Dark Fantasy
Date Published: 2/22/20
Publisher: Acorn Publishing
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The Wingless Angel
Ex-Army Medic, Silton, has had a rough go of late. Soon after being discharged from the military his wife suffered a tragic accident, then slipped into a coma and died. Now alone, drinking fills his days, and restless sleep plagues his nights.
He feels that God is finished with him, that he has no purpose in life, so he ends it all.
He falls. Naked and confused, he falls.
Silton awakens on a taught expanse of warm Skin Land. Acrid air stings his lungs, tiny hairs jut up like grass under his feet, and the pale blue eye of Heaven stares down on him.
In the distance he hears a scream, and as he bounds towards it, finds a fetid swamp of others who have fallen, sinking into the soupy flesh. Quick to his training Silton pulls a woman out of the mess, only to find her legs ravaged with breaks. Using his medical skills and the flesh around him, he binds her injuries, easing her pain.
Far off in the distance, on their huge moving home called the Sled, a group of demons set off on a journey out into the Skin Land to harvest those lucky enough to survive the fall. Those like Silton.
Silton drags his newfound friend to a distant shelter of bone as they share the reflections of life that have brought them here. With each step the mystery of this place unfolds revealing its true beauty, and its terrifying reality.
As the demons draw near, and the pale blue eye of Heaven watches above, it becomes clear that God is not finished with Silton. God has a new purpose for him, a purpose for him in Hell.
“Sin follows the sinner, it does not lead them.”
About the Author

Fabrice Wilfong has been writing fiction since he was 15 years old. His works have consistently leaned towards the dark side of human experience, where he uses characters and philosophy to challenge our shared interpretations of life.  
For most of his professional career Fabrice has been in the Healthcare Industry where he’s learned to love human anatomy and the systems of the body. He feels the body remains a frontier that we are all forced to explore with little understanding of how things will unfold.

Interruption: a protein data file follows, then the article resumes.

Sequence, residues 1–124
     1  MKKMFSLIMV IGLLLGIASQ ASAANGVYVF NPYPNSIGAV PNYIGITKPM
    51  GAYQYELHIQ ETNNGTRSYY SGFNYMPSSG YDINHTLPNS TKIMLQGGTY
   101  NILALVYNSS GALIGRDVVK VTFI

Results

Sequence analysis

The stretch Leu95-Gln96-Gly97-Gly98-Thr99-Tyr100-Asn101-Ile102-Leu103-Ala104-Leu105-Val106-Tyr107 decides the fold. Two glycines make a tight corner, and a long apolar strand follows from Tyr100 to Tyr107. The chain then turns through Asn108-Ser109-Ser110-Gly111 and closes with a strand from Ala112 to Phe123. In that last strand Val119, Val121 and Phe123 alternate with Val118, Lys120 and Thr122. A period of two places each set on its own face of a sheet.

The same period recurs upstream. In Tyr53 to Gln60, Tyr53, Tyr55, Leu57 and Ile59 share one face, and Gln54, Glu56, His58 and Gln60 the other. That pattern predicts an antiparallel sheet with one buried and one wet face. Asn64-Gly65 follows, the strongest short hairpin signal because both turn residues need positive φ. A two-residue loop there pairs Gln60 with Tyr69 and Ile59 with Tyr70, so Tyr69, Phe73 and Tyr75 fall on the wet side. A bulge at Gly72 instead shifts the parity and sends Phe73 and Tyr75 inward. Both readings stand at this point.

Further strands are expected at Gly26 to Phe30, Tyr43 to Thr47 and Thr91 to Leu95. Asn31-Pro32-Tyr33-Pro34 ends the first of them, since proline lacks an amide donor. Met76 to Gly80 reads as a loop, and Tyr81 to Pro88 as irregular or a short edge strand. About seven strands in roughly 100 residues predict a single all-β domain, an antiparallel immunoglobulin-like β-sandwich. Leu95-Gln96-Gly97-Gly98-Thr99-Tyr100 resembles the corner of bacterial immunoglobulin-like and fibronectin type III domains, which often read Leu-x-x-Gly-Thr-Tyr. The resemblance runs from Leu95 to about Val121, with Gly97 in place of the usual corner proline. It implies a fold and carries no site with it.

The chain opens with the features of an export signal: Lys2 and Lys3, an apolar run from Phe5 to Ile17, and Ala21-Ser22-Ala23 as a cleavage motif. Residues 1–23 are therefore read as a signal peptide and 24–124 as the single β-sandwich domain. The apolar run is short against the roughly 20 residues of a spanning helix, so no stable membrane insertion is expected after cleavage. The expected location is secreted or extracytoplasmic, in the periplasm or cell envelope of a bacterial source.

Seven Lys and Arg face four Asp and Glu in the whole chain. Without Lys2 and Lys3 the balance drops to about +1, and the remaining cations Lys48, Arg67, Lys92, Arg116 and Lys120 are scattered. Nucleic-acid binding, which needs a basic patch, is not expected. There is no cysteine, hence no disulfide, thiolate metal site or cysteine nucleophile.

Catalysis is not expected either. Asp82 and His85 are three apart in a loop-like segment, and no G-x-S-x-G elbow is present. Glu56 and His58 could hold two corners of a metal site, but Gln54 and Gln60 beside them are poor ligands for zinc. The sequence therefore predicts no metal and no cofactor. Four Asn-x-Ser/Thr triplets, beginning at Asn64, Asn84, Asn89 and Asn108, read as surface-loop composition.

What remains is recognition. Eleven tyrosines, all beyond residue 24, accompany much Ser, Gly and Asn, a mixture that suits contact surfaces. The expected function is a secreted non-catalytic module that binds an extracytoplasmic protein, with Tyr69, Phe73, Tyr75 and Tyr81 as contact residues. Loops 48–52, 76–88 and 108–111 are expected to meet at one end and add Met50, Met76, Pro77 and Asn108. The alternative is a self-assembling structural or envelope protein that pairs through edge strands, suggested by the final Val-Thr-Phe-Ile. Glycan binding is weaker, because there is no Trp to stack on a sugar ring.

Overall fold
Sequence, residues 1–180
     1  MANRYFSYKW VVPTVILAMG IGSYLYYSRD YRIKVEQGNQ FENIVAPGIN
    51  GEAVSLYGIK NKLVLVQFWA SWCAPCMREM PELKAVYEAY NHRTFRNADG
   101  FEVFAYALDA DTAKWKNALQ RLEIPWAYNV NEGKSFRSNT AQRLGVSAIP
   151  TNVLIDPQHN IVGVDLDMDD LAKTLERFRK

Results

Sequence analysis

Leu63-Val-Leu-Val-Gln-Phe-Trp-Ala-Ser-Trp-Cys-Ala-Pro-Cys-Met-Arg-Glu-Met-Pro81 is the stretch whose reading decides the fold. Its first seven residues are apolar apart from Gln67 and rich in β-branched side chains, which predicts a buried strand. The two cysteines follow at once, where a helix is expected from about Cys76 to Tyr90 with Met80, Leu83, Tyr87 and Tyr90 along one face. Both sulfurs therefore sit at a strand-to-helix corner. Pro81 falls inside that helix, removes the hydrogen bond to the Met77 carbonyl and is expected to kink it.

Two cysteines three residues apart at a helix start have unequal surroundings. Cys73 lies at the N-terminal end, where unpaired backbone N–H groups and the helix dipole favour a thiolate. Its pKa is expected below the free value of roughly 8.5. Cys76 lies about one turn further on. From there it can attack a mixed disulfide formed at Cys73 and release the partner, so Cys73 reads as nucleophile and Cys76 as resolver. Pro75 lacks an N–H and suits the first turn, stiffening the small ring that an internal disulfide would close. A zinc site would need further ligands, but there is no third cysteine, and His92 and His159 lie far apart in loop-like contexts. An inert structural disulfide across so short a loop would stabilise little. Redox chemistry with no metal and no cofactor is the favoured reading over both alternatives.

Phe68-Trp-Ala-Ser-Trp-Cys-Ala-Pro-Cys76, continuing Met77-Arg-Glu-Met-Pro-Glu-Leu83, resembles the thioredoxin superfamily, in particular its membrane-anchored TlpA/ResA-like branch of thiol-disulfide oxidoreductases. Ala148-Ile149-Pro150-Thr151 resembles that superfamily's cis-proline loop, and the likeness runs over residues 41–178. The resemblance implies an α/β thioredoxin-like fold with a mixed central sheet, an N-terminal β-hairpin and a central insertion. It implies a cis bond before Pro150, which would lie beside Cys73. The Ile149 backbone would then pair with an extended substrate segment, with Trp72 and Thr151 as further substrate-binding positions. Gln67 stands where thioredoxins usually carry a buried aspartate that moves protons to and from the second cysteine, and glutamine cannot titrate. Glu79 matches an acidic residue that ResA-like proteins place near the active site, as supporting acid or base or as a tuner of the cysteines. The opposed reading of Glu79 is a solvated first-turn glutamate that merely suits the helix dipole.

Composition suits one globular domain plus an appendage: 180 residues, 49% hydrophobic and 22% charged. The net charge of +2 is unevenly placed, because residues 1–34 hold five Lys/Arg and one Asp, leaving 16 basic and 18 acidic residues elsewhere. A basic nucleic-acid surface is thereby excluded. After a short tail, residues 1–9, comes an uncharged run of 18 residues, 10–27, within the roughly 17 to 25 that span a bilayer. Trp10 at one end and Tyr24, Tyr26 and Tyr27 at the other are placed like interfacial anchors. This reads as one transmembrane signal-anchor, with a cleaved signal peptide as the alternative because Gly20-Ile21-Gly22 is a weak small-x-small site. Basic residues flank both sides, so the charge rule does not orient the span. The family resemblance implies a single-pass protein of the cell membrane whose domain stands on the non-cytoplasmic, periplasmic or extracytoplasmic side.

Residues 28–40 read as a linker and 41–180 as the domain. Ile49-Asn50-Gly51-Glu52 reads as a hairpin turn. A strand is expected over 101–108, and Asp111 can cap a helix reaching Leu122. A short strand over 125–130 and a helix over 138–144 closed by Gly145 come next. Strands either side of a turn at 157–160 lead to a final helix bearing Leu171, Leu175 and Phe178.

His works consistently push the reader to a deeper knowledge of themselves both mentally and physically, while daring into the fantastical and bizarre.     

The Wingless Angel: Excerpt

The bone -carved dining table stretched across the narrow hall. It was thick like a butcher block, the bone warm to the touch from fresh, hot marrow that flowed into the structure through legs molded to the floor. It stood, sharp and silent, a massive, pristine sculpture that looked finer than the cleanest white marble.

The chef hurriedly set the warm table with food: spongy blood cakes accented with beads of bright green bile, a massive hindquarter muscle steak, heaps of tangled capillary pasta, and hot, fat- gravy spiced to perfection with sweat salt. For dessert he’d constructed a delicate confection: tiny lollipops of caramelized brain set atop thin bone stilts.

The chef wiped up a few red droplets from the stark bone table. Like all good chefs, he obsessed over the parts of his work that no one else would ever notice.

“That should do it.” He motioned to his Sapien. “Bring the centerpiece!”

The Sapien walked to the kitchen robotically and brought back a hairless human head, immaculate and smooth. Glazed lightly with fat, every facet of the head’s mouth, ears, and nose glistened. A masterful patchwork of skin covered the centerpiece, all the way down to the stubby neck. Only the most discerning eye could see that some of the skin- sections were stitched from different tones.

The chef instructed the Sapien to put the head down in the center of the table.

“Ahhhhhh . . . beau-tee-ful . . .” the Sapien said in monotone.

“Yes, yes, I know. But you have yet to see its true beauty, my stupid friend,” the chef said excitedly. He pulled two tools from his jacket: a pair of thin, bone pliers hinged with springy tendons, and a bone scalpel so sharp its blade could barely be seen when held to the side.

The chef set to work, attaching veins and arteries to a tender quarter-heart he’d assembled, sealing everything up with gummy, sinew putty. The heart consisted of just one ventricle, and was only strong enough to pump a small reservoir of blood into the head, giving it the strength needed for its performance.

“It took me three weeks to procure this tiny quarter-heart. Did you know that?” “Three weeks,” the Sapien responded. “Hearts . . . not . . . find . . . easy . . .”

“Not find easy at all,” said the chef as he wiped flecks of dried skin from his centerpiece. “A true masterpiece worthy of a great hero.”

And the feast was set.

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